In any event, if you do read this book, and if you are anything like me: You'll likely conclude, as I did, that everyone talks about inflation, but no one, especially the politicians who cause it, really knows what they are dealing with or what the consequences may be.
It is basically a linear narrative of increasing prices, month by month, year by year. I think about 80% of the book could have been put into a few pages of tables and graphs.
For someone with no detailed knowledge of this history, it might be a suitable introduction. It will certainly be a frustrating one. For most discussed companies, politicians, parties and places there is no introduction. Because of this there is a real limit to the lessons that can be extracted. To be fair, the author specifically states up front that the reader is on his own with respect to extracting lessons. He is also clear that this is not an economics book. And he is right.
The main problem with this book is that the audience was not well defined. In order to fully comprehend the inflation you need to know something about Germany in this period: the economy, industry, politics, key actors and culture. So this rules out just about all Americans. Presumably those that already had the historical background would already know a lot about the inflation.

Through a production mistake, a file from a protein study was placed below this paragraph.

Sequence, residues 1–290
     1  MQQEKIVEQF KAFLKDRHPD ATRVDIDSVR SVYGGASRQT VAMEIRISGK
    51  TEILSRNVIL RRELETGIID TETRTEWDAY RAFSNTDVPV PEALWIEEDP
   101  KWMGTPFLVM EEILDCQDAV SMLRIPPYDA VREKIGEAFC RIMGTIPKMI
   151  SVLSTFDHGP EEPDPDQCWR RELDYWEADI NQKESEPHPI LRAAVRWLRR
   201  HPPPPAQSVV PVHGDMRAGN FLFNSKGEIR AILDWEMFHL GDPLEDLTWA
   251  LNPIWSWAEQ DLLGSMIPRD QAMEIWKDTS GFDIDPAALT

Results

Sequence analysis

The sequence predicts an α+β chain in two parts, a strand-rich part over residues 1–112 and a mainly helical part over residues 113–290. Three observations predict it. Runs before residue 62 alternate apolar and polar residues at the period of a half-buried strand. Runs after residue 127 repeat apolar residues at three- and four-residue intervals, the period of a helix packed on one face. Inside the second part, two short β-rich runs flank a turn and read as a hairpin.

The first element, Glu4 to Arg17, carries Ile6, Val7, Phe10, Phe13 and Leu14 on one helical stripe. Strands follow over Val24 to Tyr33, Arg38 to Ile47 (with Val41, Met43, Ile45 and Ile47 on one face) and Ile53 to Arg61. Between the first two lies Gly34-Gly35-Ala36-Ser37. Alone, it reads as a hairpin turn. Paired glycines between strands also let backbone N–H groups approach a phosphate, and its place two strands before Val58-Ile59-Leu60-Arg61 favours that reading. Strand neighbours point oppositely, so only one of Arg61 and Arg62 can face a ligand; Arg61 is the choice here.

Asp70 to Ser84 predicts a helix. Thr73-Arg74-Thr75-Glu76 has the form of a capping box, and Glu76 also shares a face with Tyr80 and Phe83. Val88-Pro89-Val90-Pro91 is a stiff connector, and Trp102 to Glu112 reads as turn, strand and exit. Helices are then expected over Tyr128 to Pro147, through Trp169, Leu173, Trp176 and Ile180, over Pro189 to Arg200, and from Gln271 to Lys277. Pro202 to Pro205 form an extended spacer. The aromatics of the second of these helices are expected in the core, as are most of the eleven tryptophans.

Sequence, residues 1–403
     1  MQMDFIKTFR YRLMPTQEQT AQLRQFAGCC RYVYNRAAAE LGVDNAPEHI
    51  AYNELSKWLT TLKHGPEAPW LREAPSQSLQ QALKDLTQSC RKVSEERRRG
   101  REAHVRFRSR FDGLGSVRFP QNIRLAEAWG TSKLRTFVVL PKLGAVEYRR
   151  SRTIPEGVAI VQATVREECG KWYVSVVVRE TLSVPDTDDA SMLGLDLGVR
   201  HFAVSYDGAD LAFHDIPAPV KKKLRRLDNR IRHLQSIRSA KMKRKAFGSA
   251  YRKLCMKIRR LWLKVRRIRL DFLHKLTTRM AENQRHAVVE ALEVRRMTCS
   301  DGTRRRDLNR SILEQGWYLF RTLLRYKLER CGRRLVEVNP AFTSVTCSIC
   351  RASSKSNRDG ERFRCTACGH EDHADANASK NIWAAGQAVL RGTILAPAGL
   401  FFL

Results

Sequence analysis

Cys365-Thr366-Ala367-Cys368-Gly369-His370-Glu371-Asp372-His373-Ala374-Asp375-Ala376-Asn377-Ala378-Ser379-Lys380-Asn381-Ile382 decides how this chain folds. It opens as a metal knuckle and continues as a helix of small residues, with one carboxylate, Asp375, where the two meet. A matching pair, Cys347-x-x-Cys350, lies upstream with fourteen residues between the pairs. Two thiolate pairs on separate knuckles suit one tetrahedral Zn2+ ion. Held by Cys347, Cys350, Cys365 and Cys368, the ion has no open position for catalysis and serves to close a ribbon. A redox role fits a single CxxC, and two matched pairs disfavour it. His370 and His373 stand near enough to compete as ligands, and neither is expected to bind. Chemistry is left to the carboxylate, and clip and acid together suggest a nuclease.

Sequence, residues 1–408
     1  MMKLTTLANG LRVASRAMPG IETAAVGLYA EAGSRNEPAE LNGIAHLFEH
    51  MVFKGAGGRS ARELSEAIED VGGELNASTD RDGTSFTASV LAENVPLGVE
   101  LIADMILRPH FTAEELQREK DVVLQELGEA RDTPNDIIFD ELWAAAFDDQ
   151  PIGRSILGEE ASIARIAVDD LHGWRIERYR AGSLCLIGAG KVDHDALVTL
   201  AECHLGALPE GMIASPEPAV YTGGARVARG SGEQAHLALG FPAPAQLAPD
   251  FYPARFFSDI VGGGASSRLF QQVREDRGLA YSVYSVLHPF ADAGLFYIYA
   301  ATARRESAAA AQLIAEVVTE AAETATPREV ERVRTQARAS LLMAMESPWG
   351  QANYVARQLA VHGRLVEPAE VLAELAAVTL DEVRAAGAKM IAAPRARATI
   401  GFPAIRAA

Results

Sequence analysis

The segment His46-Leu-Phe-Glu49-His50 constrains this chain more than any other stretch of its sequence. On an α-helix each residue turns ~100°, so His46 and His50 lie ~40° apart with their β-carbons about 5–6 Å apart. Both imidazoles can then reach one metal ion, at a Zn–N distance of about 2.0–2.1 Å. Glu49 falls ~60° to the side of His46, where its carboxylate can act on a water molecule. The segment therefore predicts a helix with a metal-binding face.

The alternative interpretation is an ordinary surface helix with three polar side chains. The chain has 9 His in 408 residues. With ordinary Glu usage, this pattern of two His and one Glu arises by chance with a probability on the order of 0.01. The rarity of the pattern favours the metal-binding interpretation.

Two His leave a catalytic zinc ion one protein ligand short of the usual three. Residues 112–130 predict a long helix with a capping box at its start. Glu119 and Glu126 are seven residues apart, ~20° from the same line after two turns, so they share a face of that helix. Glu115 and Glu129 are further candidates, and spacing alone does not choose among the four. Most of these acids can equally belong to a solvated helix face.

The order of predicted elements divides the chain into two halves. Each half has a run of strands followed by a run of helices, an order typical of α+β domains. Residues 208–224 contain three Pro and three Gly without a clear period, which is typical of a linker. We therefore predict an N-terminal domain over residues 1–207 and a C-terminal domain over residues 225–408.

The author uses very long sentences and a lot of commas, colons and semicolons. Interestingly, parentheses seem to be under represented. I read this on my Kindle which was good because the internal dictionary was convenient (but not always comprehensive enough for this author).
In my opinion, the best parts about the book are the personal accounts from diaries of the period. The book would have benefited from a lot more of this. If I remember correctly these accounts are taken from just two sources. I'm guessing there must be additional primary accounts.
The reason I wanted to read this book was to get an idea of how people behaved and the strategies they used to cope. You can find some of this information, but you will have to extract it yourself. This is a list of chapters that are NOT in this book. This list could also serve as a thought outline to keep in mind while reading to help extract some potentially actionable information.
1. The barter economy (How did it develop and what items were the most useful? I already knew links from gold jewelry and cigarettes were convenient but had not thought of good cigars. I think this is the extent of items mentioned in the book).
2. Banking and Finance (Failures, legal changes, access)
3. Currency, stock and bond speculation strategies ( which ones worked and which did not)
4. Political parties and their impact on the struggle
5. The role of culture and morality
6. Corruption and financial crimes
7. The conflict between urban, suburban and rural communities (I did learn food stayed on the farm because the farmers would not sell for paper money. There is a particularly horrifying first-hand account of a raid by city dwellers on a small farm.)
8. Information flow (It seems that most Germans did not really understand what inflation was and had limited and untimely access to current events) How would modern information technologies have helped? Or would they have been shut down?)